The brief travel guide follows the adventures of Herbsaint Sazerac (Owen Wilson) reporting from his bicycle across the city of Ennui. Sazerac brought the audience to the bootblack district, the bricklayer’s quarter, the butcher’s arcade and through the pickpocket cul-de-sac while he contrasted the places with its past and describes its rowdy features to which he includes eccentric traits such as ‘rats, vermin, gigolos and streetwalkers’ in his writing. 

The first feature article titled ‘The Concrete Masterpiece’ follows J. K. L. Berensen (Tilda Swinton) giving a lecture on Moses Rosenthaler (Benecio Del Toro), an artist serving a life sentence for homicide who falls in love with his muse and prison guard, Simone (Lea Seydoux), while Julian Cadazio (Adrien Brody), is an art dealer who came across Moses’ artworks while serving time for tax evasion. He then represents Moses’ artworks to the outside world after his release.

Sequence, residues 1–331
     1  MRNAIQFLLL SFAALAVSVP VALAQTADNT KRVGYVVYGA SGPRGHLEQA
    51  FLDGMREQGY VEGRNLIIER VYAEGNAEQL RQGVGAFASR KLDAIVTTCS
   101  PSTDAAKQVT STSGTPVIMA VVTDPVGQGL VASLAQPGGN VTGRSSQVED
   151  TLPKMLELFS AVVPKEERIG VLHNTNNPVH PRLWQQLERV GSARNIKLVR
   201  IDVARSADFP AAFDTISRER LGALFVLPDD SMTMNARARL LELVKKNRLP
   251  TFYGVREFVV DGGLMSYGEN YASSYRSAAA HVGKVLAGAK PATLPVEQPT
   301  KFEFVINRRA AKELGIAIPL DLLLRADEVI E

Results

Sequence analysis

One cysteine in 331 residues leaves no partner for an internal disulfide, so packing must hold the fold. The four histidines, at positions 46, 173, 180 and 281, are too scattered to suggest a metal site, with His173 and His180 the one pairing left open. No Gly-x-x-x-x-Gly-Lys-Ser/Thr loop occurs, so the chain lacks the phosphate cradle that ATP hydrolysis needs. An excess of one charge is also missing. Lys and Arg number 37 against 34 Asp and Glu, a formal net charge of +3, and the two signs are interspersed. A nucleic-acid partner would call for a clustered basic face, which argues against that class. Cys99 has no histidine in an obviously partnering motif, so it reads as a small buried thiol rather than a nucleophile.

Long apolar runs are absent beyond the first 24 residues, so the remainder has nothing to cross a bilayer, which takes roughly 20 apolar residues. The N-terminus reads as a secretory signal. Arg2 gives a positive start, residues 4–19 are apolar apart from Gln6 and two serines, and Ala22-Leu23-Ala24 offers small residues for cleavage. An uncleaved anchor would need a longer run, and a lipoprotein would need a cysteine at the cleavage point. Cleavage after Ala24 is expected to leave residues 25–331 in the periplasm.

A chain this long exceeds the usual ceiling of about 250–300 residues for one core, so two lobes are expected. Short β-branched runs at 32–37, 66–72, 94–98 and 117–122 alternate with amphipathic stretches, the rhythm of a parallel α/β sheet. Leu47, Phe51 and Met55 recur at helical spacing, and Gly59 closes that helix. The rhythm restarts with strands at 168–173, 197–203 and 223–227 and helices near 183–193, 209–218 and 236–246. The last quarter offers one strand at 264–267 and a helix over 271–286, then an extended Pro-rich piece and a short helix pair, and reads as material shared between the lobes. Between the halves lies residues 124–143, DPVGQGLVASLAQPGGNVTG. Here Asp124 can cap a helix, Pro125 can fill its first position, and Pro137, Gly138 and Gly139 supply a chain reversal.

The second feature article titled ‘Revisions to a Manifesto’ follows Zeffirelli (Timothée Chalamet), a student revolutionary and Lucinda Krementz (Frances McDormand), the French Dispatch writer whose journalistic neutrality was questioned as she became entangled in the student’s revolutionary movement when helping Zeffirelli with his manifesto, leading to a conflict with another student revolutionary, Juliette (Lyna Khoudri).

The third feature article titled ‘The Private Dining Room of the Police Commissioner’ centres around the writer Roebuck Wright (Jeffrey Wright), in his bid to report on Lieutenant Nescaffier (Steve Park), an esteemed chef working at the Ennui police department kitchen. He shares the story through his ‘typographic memory’ as he quotes his article word for word to the host of a TV show played by Liev Schreiber.